Morning Jay: Obama's Speech Was Meant to Reassure the Left
6:00 AM, Apr 15, 2011 • By JAY COST
Lately, I’ve been staying up late at night because I’m just too stressed over the state of the union. Unable to sleep, I often find myself toggling between scores of Excel spreadsheets, crunching all sorts of numbers to get my mind around the gaping budget deficit that is threatening the country. It isn’t pretty, as we all know, and unfortunately my computations have only made me feel worse.
For instance, take the president’s FY 2012 budget. CBO’s analysis of it indicates that it will add about 8.8 trillion in inflation-adjusted dollars to the deficit by 2021. That’s a lot. But it could be a lot more. CBO projects that real economic growth over the next decade will average 2.9 percent per year. If, however, real growth over the next decade mimics what we saw in the last 10 years (1.7 percent on average), my back-of-the-envelope calculation suggests we’d be talking about at least an $11.3 trillion inflation-adjusted deficit. That’s an additional $2.5 trillion just over an assumption about the economy.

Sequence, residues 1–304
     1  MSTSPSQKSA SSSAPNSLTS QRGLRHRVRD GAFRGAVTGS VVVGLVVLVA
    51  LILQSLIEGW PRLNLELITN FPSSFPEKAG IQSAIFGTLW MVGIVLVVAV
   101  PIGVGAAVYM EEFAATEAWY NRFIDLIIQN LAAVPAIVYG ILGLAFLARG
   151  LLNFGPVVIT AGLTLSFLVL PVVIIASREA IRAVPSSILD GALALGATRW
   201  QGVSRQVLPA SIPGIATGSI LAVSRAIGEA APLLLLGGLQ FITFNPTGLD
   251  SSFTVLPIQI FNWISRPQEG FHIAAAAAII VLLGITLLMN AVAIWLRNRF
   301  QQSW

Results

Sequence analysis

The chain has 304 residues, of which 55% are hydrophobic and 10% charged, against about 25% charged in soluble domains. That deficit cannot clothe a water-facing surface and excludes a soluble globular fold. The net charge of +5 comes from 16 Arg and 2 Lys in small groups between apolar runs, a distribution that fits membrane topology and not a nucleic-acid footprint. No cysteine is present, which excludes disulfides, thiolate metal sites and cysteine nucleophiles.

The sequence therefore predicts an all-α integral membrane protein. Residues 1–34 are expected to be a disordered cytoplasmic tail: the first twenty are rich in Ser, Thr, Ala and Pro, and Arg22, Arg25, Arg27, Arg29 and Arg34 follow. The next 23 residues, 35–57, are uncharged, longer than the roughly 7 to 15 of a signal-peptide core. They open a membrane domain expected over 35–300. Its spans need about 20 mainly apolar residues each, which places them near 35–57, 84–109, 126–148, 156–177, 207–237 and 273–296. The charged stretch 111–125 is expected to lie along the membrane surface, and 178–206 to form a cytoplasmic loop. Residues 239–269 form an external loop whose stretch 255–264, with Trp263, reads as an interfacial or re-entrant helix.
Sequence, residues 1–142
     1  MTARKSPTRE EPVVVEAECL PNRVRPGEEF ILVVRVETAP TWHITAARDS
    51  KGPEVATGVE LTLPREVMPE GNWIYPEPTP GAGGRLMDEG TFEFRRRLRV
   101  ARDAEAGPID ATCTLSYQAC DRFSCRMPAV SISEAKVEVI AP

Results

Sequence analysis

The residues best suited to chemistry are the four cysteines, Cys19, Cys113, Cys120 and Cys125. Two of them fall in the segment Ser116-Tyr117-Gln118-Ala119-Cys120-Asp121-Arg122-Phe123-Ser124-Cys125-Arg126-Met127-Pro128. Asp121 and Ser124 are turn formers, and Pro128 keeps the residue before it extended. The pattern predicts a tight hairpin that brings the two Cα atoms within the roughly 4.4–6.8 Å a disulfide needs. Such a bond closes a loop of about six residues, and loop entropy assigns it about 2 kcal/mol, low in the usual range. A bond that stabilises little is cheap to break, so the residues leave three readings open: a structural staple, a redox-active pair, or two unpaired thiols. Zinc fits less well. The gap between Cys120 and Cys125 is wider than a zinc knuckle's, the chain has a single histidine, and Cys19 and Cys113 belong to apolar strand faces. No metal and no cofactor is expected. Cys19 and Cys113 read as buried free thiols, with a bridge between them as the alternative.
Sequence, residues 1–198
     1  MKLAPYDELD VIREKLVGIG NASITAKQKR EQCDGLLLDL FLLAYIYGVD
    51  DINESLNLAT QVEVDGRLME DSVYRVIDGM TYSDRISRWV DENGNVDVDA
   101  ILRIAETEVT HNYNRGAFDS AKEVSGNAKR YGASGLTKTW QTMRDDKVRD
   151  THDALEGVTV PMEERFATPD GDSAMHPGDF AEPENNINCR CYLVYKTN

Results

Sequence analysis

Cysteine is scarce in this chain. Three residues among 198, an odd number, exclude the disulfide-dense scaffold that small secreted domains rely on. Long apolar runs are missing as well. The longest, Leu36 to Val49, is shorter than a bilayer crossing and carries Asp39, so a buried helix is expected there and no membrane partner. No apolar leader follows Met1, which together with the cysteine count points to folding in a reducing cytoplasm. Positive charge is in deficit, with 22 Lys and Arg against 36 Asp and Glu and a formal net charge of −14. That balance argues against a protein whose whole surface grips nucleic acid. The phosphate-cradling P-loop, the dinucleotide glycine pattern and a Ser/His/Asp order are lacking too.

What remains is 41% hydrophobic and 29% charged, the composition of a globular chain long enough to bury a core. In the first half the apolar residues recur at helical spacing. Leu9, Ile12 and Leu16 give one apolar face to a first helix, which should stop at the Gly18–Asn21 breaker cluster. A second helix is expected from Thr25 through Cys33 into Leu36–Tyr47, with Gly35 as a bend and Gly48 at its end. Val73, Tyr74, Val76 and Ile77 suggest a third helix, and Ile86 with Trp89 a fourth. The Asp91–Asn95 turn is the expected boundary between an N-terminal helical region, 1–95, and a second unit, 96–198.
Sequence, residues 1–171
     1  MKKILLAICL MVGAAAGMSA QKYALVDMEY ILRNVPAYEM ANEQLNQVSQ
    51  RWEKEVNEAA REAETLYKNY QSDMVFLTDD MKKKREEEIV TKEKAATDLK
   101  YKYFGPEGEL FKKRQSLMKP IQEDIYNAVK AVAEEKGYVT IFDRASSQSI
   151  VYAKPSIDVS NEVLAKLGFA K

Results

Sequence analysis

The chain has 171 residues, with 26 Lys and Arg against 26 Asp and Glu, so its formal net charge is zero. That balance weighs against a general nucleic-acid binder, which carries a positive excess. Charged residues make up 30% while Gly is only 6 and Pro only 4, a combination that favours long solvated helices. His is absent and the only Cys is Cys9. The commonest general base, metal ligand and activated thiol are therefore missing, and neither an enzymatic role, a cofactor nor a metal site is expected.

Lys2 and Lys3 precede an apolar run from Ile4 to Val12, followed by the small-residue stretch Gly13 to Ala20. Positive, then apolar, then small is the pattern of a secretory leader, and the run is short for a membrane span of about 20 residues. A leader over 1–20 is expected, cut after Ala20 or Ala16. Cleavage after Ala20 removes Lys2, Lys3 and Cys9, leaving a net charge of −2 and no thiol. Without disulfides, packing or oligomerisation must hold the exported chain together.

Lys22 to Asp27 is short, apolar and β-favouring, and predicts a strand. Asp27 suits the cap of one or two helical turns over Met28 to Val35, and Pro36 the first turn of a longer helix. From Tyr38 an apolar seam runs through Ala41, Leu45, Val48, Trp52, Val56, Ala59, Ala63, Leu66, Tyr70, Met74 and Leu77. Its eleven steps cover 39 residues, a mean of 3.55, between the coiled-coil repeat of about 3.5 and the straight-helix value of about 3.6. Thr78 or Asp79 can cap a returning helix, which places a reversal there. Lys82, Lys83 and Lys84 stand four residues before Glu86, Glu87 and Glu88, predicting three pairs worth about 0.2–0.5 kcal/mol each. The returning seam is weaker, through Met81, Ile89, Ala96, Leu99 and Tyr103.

Late at night, while deriving these sorts of utterly depressing numbers, I often wonder to myself, is President Obama by any chance up tonight as well, worrying about the deficit and the feasibility of his own plan?
On Wednesday, I got my answer: No, he’s fast asleep.
Not only was Obama’s speech on Wednesday political, it was completely rote, by-the-book Obama politics. He couldn’t even bring out an interesting twist to his stock partisan speech. Here’s how it always goes, with Wednesday being no exception:
So, the only interesting question to me is: If this was a political speech, what was its purpose?
If we look at the “proposals” to curb the deficit in this speech, we see three big ones:
None of these proposals will appeal to independent voters in the center. Not a single one. In fact, Bill Clinton enacted deficit reduction in the early 1990s by pushing the first two items, and they contributed to the Democratic debacle in 1994.
So, if it wasn't to win over the center, what was the political point? Check out how the New York Times gushed over the speech:
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